|Prostate cancer in deceased organ donors: a review
|Year of Publication
|Doerfler A, Tillou X, Le Gal S, Desmonts A, Orczyk C, Bensadoun H
To estimate the risk of prostate cancer transmission in relation with organ procurement.
A literature search from the Medline database using the following keywords-transplantation, prostate cancer, organ procurement, donor transmitted malignancies, disease transmission, staging, evaluation, and PSA-was conducted to select 16 articles written in English and French over the last 15 years.
The incidence of prostate cancer in deceased organ donors (DOD) has been estimated to be between 3% and 18.5%. There were more than 120 solid-organ transplantations performed with organs coming from DOD with a proven prostate cancer without any case of cancer transmission or death related to malignancy and only 1 case of transmission by the donor after a heart transplant has been described.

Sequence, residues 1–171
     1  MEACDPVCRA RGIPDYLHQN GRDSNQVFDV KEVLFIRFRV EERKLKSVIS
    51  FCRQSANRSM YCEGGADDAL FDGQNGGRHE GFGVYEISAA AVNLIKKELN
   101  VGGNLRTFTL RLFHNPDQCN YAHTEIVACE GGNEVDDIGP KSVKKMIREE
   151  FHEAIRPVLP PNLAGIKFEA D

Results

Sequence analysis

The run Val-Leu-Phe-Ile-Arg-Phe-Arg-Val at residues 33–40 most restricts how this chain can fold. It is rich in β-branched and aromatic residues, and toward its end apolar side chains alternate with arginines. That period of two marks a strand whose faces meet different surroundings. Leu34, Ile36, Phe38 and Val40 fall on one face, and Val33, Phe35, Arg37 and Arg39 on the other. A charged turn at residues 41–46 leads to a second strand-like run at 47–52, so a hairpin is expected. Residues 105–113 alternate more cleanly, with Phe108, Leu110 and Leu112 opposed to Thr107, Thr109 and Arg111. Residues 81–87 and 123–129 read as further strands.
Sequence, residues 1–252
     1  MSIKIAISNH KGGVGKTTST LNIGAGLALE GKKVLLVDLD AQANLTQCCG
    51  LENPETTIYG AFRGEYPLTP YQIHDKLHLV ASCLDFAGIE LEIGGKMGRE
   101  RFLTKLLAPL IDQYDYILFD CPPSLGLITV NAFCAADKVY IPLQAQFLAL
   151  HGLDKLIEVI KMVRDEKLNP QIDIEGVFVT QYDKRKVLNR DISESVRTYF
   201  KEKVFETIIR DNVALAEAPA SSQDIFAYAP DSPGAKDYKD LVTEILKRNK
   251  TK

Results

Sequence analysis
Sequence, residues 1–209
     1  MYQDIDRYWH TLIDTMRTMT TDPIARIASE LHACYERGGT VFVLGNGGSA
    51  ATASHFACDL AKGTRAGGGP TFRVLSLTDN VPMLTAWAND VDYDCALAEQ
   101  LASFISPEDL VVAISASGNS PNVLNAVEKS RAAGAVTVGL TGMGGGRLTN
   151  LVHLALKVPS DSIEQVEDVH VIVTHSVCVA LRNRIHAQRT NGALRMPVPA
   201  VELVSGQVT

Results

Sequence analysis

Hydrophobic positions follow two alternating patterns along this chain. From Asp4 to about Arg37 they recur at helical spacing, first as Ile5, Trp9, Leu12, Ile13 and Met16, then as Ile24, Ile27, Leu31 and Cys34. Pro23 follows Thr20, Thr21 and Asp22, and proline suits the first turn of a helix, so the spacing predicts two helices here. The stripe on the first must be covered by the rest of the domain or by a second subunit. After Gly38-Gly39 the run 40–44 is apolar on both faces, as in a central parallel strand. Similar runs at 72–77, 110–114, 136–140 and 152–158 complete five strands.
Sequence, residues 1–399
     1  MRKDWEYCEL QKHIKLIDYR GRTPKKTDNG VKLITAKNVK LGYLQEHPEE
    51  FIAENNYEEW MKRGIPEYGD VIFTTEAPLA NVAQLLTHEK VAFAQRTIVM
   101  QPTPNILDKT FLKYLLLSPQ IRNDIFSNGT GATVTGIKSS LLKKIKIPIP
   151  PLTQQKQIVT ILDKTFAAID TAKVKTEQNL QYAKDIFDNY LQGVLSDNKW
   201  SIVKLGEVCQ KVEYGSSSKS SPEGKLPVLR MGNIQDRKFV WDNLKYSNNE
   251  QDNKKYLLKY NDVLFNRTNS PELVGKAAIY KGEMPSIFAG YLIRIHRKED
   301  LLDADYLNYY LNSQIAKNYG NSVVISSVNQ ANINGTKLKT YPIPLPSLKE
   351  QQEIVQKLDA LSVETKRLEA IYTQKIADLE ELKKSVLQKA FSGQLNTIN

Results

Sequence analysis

Transmission of prostate cancer by a transplanted organ seems incidental. When PSA is measured, it should be suspected only if the value is beyond 20 ng/ml and in all cases, should be interpreted taking digital rectal examination (DRE) into account. Organs from a DOD with a DRE proving a T3-T4 prostate cancer should not be procured. Suspect iliac lymph nodes during the preparation of the vessels for cannulation must lead to the discontinuation of the procurement or a histological analysis.
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